Tuesday, June 28, 2011

Sinkhole developing near Oahe Dam. How legal cannabis fills the gap

A Pierre radio station and the Rapid City Journal are reporting that sinkholes are developing in Stanley County:
KCCR radio reports that state Transportation Department crews already have filled a large hole that developed on state Highway 1806. It was estimated at 6 feet across and 10-15 feet deep.
Recall the reminder from TCMack that the Army Corps of Engineers touted the construction of the Oahe Dam on the geological formation known as Pierre Shale. That same shale accounts for the systematic breakup of roadways and railbeds in South Dakota likewise confounding KeystoneXL pipeline engineers. Note this publication archived at the USGS:
... The non-tectonic origin for this deformation is strongly supported by the observation that, since construction was completed in 1962, movement on a fault in the Pierre Shale near the spillway of Oahe Dam (about 10 km north of the city of Pierre) has created a 1.5-m-high scarp. This scarp formed without any notable seismic events.
The topic was covered at the conference of the United States Society on Dams in 2009: Slope Stability Concerns on Pierre Shale, Oahe Dam - Pierre, South Dakota...655, Robert J. Worden and Michael T. Kelly, Corps of Engineers.

Todd Epp mentions that the corps knew water was stacking up behind the dams and that record rainfall in the upper basin surprised them. But, what he doesn't seem to get is that they also know that early releases send ice floes crashing into bridge supports: events that worry resource managers every year. From Friday's Lincoln, Nebraska JournalStar:
Now, suddenly, total water in the six reservoirs is at 72.7 million acre-feet, 600,000 acre-feet above the previous record, reached in 1975. Total capacity is uncomfortably close at 73.1 million acre-feet. Winter ice, summer barge traffic, habitat for endangered species, recreational considerations and dam repairs are among the factors that regularly influence decisions about seasonal flows.
Robert Schneiders took listeners' calls today on Bill Janklow's idea of public radio.

California's Proposition 19 went down in defeat because the law gave the power to control varieties to the state. Recall this NPR report from October of last year:
At a garden cafe in Sonoma County, Dragonfly de la Luz lights up her glass Hello Kitty pipe filled with primo California weed. De la Luz is a marijuana connoisseur for West Coast Cannabis and Skunk magazines, and TV's Cannabis Planet. She has a monthly column called "Getting High with Dragonfly," in which she reviews the latest flavors of ganja. De la Luz says she was excited at first to hear California was trying to legalize pot. "I thought it was a dream come true," she says. "Then I read it and realized it was a nightmare." Proposition 19 allows local governments to license commercial marijuana companies, which worries self-professed stoners like de la Luz. "We're kind of like anti-Wal-Mart and anti-McDonald's," she says. "So for them to try to sneak in and turn cannabis into a corporation, that's disgusting."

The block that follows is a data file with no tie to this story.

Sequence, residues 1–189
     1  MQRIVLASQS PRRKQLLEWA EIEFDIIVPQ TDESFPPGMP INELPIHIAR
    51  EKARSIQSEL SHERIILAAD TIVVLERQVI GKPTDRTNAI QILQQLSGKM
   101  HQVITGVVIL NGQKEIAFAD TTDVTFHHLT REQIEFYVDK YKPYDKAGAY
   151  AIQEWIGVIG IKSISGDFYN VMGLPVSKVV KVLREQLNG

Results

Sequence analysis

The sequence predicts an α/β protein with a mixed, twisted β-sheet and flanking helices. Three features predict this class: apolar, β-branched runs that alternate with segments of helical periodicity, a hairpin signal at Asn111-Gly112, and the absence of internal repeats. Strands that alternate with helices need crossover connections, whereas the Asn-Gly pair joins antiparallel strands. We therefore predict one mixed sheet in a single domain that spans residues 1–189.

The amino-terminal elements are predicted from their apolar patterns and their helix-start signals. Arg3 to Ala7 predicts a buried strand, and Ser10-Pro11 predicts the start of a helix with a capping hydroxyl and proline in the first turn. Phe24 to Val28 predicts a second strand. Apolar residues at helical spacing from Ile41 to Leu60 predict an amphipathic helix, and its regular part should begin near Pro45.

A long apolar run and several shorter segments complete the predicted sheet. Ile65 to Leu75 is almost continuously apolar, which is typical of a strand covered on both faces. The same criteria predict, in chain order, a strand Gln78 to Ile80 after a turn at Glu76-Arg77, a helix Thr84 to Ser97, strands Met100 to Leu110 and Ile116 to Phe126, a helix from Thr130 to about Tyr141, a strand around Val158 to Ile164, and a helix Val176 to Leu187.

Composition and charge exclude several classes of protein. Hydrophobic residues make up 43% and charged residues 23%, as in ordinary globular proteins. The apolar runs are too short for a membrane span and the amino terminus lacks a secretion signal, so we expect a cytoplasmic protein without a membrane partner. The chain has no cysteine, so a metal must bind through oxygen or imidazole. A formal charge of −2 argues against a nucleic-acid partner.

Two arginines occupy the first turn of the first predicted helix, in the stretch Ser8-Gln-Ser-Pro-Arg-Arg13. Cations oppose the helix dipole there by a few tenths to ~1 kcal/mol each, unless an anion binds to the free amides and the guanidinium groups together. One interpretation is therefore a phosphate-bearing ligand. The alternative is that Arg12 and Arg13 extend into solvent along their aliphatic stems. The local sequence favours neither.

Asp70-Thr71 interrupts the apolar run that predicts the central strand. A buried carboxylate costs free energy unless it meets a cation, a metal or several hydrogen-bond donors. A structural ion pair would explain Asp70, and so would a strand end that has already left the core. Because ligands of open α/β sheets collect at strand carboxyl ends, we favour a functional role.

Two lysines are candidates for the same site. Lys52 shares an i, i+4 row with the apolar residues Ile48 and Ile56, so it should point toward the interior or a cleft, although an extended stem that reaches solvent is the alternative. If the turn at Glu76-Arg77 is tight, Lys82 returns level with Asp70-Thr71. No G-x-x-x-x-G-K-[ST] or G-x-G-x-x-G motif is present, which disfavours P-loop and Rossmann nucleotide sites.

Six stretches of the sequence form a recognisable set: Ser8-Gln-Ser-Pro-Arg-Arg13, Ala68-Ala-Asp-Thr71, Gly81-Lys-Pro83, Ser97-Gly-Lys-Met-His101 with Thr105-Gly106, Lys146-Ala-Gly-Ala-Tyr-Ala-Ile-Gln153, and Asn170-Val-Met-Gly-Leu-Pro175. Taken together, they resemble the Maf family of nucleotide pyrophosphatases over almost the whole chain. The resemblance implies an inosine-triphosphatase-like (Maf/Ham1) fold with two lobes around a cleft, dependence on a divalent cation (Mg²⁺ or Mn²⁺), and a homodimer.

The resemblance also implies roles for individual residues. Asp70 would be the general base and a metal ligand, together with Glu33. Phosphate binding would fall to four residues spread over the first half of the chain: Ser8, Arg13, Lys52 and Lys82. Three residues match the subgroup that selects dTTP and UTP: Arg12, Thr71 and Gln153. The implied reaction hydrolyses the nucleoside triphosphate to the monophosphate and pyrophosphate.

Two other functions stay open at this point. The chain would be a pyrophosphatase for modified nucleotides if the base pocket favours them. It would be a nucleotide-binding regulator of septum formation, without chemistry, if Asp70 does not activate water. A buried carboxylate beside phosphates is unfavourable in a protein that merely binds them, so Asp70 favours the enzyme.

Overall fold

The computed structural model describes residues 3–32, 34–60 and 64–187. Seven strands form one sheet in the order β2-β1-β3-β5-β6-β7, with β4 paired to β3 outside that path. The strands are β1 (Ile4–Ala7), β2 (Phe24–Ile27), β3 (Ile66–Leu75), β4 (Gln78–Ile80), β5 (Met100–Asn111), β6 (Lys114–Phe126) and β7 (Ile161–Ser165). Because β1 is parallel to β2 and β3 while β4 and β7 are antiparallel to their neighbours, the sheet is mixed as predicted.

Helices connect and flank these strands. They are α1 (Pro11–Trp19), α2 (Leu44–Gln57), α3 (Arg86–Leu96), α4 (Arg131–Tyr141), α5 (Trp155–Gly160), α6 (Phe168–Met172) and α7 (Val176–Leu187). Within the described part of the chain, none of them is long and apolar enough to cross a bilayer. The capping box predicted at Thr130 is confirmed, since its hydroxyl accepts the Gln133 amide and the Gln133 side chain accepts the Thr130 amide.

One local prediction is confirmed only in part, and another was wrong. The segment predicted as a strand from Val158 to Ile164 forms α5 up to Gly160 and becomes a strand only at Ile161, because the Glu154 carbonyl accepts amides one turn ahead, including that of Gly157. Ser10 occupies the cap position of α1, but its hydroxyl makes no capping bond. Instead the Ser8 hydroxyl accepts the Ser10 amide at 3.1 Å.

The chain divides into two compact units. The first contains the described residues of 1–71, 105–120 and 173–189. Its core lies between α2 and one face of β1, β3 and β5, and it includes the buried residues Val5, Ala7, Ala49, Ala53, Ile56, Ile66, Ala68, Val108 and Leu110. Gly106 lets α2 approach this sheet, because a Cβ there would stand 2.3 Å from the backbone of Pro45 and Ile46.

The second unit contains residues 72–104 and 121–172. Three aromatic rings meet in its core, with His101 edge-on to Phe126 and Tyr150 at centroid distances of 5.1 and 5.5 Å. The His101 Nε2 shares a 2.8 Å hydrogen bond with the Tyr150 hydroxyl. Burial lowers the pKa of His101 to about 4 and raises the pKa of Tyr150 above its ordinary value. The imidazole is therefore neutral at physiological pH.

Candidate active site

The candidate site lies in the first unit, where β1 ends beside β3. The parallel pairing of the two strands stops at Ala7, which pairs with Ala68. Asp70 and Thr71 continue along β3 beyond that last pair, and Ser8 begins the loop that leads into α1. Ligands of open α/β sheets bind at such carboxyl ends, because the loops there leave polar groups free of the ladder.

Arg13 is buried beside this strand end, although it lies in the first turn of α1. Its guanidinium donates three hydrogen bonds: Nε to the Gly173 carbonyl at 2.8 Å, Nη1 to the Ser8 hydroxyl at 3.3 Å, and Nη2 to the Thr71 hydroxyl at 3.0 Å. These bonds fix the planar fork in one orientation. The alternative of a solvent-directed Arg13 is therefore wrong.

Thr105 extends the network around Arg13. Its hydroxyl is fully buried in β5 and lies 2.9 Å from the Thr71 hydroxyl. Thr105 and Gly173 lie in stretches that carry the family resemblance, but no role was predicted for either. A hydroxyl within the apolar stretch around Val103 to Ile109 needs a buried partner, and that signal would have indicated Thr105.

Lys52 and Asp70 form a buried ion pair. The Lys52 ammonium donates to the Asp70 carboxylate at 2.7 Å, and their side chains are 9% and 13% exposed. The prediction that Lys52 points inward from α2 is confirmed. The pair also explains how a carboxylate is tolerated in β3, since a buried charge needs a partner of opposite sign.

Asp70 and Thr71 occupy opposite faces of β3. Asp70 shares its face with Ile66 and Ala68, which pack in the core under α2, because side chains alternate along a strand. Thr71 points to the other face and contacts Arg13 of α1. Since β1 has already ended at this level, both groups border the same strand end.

Exactly.

The future of the business should be a combination synthesizing the cannabis equivalents of organic microbreweries, vintners, and greenhouses rolled into (heh heh) cottage industries that can withstand fiduciary and insurance requirements. We are a litigious society: ways to generate revenue for states can be hammered out in committee in each state legislature to head off some of the torts likely following enactment and to guide law enforcement using most of the same language that governs alcohol use. Patients that seek cannabis as medicine can be seen by a health care provider and be excused from paying the excise taxes.

3 comments:

caheidelberger said...

Graboids! Val, Earl, and Rhonda on the rocks!

Todd D. Epp said...

Yes, I did come across that the Corps was concerned about ice jams downstream from the dams. But as I asked in one of my postings, when's the last time you've heard about that being a problem in modern times? Back pre-Pick-Sloan Plan, ice jams were a major problem. If you can direct me to some sources on modern ice jam problems, I'll so note it and reconsider.

I think your posts are very interesting. This is a huge story with many angles.

Todd Epp
Middle Border Sun http://southdakotawatch.blogspot.com

larry kurtz said...

Thank you both for coming by.

Todd: Montana DoT has pretty good documentation of ice damage. There are numerous corps pdf documents where freeze/thaw stresses are archived but have yet to find data on the effects of large ice floes on bridge supports on the Missouri itself. Here is one on a tributary of the Platte.